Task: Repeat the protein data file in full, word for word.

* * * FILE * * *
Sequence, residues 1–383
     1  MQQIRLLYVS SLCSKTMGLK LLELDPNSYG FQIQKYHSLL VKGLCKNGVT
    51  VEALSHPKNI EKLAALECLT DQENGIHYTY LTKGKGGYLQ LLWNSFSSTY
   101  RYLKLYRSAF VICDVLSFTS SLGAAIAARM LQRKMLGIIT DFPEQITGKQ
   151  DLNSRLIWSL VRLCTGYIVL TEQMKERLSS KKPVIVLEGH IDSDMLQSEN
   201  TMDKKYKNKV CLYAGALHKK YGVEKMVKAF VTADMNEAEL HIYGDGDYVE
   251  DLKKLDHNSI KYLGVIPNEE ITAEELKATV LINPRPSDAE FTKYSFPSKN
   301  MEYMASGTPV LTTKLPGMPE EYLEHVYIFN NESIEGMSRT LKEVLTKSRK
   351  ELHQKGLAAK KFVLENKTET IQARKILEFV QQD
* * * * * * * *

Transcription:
Sequence, residues 1–383
     1  MQQIRLLYVS SLCSKTMGLK LLELDPNSYG FQIQKYHSLL VKGLCKNGVT
    51  VEALSHPKNI EKLAALECLT DQENGIHYTY LTKGKGGYLQ LLWNSFSSTY
   101  RYLKLYRSAF VICDVLSFTS SLGAAIAARM LQRKMLGIIT DFPEQITGKQ
   151  DLNSRLIWSL VRLCTGYIVL TEQMKERLSS KKPVIVLEGH IDSDMLQSEN
   201  TMDKKYKNKV CLYAGALHKK YGVEKMVKAF VTADMNEAEL HIYGDGDYVE
   251  DLKKLDHNSI KYLGVIPNEE ITAEELKATV LINPRPSDAE FTKYSFPSKN
   301  MEYMASGTPV LTTKLPGMPE EYLEHVYIFN NESIEGMSRT LKEVLTKSRK
   351  ELHQKGLAAK KFVLENKTET IQARKILEFV QQD